One third of WPP shareholders vote against Sorrell's £70m pay

One third of WPP shareholders voted against chief executive Sir Martin Sorrell's £70m pay at the annual general meeting on Wednesday.

One third of WPP shareholders vote against Sorrell's £70m pay

Over 33% opposed the remuneration report and just under 67% were in favour.

There were some abstentions as shareholders showed disapproval by withholding their votes. Taking those abstentions into account, more than 34% failed to back the remuneration report.

It was the worst revolt at a WPP AGM since 2012.

Investors were unhappy that Sorrell collected £63m from a five-year incentive plan, called LEAP, even though the company has agreed to stop the controversial scheme in future years.

WPP axed LEAP after 60% voted against his pay in 2012 in one of the biggest rebellions at a FTSE100 company – even though shareholders had approved the bonus scheme when it was set up in 2009.

LEAP still has one more year to run. His £63m bonus was based on an award made in 2011.

The new chairman, Roberto Quarta, faced a barrage of questions at the meeting about succession planning for Sir Martin and his £70m pay from investors, including Hermes EOS, Standard Life, the Railways Pension Scheme, Share Action, Share Soc and the UK Shareholders’ Society.

Hans-Christophe Hirt, an executive director Hermes EOS, a significant investor in WPP, warned of "succession risk" because Sir Martin is 71 and asked for "enhanced disclosure" about what plans the company is making to prepare for succession.

Quarta insisted there was "continuous and constant assessment" of suitable candidates both inside and outside the group.

Hirt also said Sorrell’s £70m package was "excessive" and Peter Parry of the UK Shareholders Society described the amount as "ridiculous".

Roger Geary, a spokesman for Share Action, an activist charity, prompted laughter from the audience when he noted that Sorrell’s pay would take "4,394 years to earn" for someone on the Living Wage.

Quarta said shareholders have approved the bonus scheme seven years ago and no shareholder had challenged the "methodology" of the scheme.

However, Sorrell appeared to concede that LEAP looked generous "with the benefit of hindsight".

"Having gone through Lehman Brothers, I don’t think anyone thought [at the time] WPP had the possibility of reaching a market cap of £20 billion," he told reporters after the AGM, referring to how WPP’s share price has risen rose fivefold since 2009. "Nobody ever thought we would hit those targets."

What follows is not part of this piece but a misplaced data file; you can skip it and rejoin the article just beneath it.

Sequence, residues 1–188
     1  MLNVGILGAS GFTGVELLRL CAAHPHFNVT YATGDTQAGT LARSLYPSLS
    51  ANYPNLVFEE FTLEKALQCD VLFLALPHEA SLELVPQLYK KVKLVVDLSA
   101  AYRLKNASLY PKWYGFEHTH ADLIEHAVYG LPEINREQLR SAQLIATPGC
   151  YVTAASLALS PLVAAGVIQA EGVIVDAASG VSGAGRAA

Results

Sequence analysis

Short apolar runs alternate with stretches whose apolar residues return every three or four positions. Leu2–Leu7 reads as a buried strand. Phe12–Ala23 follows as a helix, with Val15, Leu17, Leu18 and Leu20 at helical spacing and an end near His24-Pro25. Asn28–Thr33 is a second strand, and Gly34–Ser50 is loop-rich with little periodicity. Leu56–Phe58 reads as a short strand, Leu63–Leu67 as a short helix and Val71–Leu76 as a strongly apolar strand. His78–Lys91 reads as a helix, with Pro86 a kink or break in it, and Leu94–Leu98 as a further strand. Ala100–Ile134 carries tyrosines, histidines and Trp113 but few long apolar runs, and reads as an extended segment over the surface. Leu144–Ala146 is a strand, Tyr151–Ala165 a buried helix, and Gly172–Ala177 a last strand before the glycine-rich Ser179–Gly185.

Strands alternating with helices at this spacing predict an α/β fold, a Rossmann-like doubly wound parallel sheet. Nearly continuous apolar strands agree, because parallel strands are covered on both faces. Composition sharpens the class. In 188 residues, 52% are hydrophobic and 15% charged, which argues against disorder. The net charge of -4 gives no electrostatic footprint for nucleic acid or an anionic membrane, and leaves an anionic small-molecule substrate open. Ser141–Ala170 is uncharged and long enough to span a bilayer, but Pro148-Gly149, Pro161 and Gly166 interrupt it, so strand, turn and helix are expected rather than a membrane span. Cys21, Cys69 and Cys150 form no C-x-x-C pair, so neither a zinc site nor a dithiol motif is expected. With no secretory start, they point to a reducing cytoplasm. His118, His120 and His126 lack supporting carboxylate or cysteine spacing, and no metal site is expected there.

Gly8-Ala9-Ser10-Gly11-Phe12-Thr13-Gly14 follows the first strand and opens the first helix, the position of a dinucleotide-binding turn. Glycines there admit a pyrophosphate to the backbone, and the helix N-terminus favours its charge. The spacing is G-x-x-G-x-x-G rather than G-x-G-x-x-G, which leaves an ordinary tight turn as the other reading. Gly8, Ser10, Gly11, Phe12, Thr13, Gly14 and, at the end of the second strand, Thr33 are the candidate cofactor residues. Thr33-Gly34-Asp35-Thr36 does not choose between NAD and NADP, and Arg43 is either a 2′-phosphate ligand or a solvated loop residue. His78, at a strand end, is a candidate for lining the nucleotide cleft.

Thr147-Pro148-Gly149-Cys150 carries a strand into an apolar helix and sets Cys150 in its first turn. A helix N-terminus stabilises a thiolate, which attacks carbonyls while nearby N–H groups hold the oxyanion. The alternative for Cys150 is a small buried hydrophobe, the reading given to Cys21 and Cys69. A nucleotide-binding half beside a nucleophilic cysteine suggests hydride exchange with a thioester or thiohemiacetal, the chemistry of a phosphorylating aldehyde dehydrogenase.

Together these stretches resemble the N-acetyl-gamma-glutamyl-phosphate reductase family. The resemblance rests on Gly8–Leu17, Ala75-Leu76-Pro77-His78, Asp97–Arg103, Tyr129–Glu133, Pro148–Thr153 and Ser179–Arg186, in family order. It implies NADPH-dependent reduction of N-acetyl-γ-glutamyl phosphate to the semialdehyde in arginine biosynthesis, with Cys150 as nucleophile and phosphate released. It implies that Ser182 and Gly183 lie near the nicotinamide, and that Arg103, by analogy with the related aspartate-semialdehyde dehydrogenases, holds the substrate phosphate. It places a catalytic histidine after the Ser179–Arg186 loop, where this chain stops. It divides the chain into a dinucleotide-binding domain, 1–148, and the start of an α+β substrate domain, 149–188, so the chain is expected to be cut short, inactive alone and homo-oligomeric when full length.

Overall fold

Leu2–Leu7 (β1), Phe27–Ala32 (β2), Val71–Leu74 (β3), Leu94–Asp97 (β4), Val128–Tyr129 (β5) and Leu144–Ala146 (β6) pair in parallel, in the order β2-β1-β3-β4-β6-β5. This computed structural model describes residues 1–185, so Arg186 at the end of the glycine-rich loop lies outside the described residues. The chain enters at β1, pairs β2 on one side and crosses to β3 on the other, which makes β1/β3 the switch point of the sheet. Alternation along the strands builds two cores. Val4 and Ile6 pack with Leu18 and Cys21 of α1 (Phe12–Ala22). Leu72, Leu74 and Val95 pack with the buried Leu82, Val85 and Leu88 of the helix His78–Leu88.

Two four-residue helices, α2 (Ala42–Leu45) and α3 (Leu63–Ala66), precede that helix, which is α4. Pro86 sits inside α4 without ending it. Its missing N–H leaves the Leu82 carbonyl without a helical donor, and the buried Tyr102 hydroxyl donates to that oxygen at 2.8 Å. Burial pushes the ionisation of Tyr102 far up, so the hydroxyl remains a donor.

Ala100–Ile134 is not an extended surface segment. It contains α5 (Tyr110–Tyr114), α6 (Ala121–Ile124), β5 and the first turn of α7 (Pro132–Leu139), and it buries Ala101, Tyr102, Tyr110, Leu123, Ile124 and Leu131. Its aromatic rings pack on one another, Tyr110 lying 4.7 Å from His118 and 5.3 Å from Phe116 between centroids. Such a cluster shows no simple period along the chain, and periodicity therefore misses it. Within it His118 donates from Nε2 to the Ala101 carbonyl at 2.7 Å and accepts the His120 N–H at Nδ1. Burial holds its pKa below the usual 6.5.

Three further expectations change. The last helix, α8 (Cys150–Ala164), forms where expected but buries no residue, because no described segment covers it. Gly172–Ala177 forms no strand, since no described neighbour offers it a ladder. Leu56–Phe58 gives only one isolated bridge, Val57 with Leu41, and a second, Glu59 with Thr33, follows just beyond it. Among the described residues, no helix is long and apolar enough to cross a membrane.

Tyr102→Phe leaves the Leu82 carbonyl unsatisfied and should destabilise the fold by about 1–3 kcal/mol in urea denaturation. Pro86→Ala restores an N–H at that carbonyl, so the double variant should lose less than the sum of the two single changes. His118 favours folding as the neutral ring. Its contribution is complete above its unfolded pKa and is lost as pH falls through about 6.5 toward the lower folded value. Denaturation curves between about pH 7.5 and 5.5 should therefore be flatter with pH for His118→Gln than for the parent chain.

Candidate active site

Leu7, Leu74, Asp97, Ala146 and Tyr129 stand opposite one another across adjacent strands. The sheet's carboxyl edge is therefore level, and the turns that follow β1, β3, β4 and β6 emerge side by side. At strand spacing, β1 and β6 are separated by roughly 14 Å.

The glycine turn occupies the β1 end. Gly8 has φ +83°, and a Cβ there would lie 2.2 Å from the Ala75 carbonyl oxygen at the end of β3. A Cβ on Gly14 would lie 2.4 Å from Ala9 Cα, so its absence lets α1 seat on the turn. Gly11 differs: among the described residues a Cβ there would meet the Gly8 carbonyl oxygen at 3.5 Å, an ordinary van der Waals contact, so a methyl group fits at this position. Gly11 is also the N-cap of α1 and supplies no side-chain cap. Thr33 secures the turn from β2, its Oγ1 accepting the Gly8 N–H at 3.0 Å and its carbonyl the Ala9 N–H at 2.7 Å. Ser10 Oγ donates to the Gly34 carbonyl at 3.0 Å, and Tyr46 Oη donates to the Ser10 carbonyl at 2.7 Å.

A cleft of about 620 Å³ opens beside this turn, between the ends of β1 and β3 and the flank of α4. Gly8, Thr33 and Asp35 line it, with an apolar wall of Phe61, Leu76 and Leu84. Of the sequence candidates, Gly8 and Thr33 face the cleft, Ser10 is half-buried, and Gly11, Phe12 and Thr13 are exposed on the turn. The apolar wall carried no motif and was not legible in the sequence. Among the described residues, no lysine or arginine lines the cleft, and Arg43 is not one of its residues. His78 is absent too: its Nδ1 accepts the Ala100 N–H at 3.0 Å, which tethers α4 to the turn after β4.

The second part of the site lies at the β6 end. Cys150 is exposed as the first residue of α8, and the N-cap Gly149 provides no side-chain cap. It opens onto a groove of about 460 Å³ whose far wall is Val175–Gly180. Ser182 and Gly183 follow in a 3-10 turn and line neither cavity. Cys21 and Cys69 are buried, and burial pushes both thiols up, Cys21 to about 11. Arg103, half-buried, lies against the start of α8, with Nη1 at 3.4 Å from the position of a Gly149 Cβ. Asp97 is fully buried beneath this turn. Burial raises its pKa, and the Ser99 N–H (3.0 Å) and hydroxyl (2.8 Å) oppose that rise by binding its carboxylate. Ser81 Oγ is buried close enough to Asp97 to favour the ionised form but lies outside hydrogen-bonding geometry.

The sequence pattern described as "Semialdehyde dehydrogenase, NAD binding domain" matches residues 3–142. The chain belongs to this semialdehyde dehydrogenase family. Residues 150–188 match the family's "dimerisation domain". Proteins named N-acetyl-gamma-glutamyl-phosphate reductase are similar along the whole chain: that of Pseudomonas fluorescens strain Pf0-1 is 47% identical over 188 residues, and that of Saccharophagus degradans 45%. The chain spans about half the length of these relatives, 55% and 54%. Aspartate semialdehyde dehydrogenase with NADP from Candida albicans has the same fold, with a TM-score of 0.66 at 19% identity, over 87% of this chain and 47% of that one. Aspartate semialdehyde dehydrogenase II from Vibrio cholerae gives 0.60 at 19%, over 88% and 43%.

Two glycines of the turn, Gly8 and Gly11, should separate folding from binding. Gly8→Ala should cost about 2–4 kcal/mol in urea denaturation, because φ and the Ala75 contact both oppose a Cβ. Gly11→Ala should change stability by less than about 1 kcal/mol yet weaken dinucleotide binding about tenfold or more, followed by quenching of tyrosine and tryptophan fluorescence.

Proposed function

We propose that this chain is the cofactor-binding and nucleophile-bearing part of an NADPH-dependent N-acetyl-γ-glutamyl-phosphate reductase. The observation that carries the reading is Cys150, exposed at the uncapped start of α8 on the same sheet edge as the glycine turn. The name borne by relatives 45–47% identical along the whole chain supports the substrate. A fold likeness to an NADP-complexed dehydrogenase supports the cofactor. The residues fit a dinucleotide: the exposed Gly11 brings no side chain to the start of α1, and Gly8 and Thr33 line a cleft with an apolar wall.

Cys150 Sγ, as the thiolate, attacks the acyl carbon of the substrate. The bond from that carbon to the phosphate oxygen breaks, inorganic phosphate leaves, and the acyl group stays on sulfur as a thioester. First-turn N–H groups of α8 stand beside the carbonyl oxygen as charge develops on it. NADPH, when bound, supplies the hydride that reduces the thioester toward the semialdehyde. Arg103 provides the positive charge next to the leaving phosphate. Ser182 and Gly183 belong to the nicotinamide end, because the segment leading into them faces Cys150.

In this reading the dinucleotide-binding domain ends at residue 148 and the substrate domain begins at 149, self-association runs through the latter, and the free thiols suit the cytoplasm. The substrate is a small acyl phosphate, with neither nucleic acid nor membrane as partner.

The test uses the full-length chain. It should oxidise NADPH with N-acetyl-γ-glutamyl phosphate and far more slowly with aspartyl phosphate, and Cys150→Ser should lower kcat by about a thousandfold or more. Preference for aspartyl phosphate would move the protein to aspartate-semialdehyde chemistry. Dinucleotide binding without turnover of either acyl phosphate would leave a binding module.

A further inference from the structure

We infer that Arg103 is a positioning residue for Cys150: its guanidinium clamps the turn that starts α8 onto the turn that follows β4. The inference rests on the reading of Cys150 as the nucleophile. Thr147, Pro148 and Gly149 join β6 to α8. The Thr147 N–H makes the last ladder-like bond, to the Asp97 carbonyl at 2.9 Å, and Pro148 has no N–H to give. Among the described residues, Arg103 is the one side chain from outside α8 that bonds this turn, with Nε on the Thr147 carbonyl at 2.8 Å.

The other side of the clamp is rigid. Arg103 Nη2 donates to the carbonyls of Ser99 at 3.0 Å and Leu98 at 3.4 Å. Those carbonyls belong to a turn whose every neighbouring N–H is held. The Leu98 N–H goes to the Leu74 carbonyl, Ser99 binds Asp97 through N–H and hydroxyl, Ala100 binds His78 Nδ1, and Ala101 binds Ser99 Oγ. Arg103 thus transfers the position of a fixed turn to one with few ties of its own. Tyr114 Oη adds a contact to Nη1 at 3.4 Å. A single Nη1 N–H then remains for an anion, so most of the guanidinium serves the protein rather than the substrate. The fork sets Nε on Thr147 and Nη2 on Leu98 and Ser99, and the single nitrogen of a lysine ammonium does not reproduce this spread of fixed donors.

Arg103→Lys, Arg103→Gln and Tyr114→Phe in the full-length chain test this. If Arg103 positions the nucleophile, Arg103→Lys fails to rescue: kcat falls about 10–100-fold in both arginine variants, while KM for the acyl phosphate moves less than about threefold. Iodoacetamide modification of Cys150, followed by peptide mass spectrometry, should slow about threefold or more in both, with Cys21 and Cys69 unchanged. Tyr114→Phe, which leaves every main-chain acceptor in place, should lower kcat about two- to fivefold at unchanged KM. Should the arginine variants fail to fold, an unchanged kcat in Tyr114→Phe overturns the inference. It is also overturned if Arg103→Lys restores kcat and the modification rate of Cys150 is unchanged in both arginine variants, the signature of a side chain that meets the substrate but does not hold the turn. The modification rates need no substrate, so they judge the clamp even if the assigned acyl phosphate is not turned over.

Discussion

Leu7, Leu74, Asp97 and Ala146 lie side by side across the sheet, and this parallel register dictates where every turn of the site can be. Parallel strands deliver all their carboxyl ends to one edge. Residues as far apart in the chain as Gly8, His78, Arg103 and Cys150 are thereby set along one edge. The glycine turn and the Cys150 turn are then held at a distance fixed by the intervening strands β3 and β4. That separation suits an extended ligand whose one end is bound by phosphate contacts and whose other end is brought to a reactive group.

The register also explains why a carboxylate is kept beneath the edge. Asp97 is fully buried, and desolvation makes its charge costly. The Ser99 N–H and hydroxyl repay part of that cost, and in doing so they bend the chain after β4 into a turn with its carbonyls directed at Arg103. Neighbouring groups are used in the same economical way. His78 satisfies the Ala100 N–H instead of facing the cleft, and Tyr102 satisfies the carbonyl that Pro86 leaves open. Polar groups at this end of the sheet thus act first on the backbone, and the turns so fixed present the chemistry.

Sorrell indicated he did not consider giving up part of his bonus.

Quarta and Sorrell received some praise. A small shareholder, who did not give his name, described WPP’s performance as "fantastic" and dismissed "carping" about Sir Martin’s pay as "pathetic".

Sorrell shrugged off the criticism about pay when asked if he was "fed up" with the criticism. He has always reinvested bonuses in company shares, since taking control of WPP in 1985, and has never sold any stock, except when he got divorced.

He was "not a Johnny Come Lately" who had earned share options and was going to "cut and run", he said.

Shareholders emphatically re-elected Sir Martin as chief executive with 99.92% favour.

However, Sir John Hood, the head of the compensation committee, suffered an 8% protest vote and another non-executive director, Ruigang Li, was rejected by 30% of shareholders.

The meeting at the Pullman Hotel was decorated with Cuban images on the stage to reflect how WPP has opened an office in Havana, its 112th country.

The four global heads of WPP creative networks, Tamara Ingram of JWT, Miles Young of Ogilvy & Mather, David Sable of Y&R and James Heekin of Grey, each presented to the annual meeting.

Ingram spoke first, reflecting her importance, following the exit of Gustavo Martinez in a scandal over sexist and racist comments earlier this year.

Shares in WPP have more than doubled in value in the last five years and it has enjoyed record profits.

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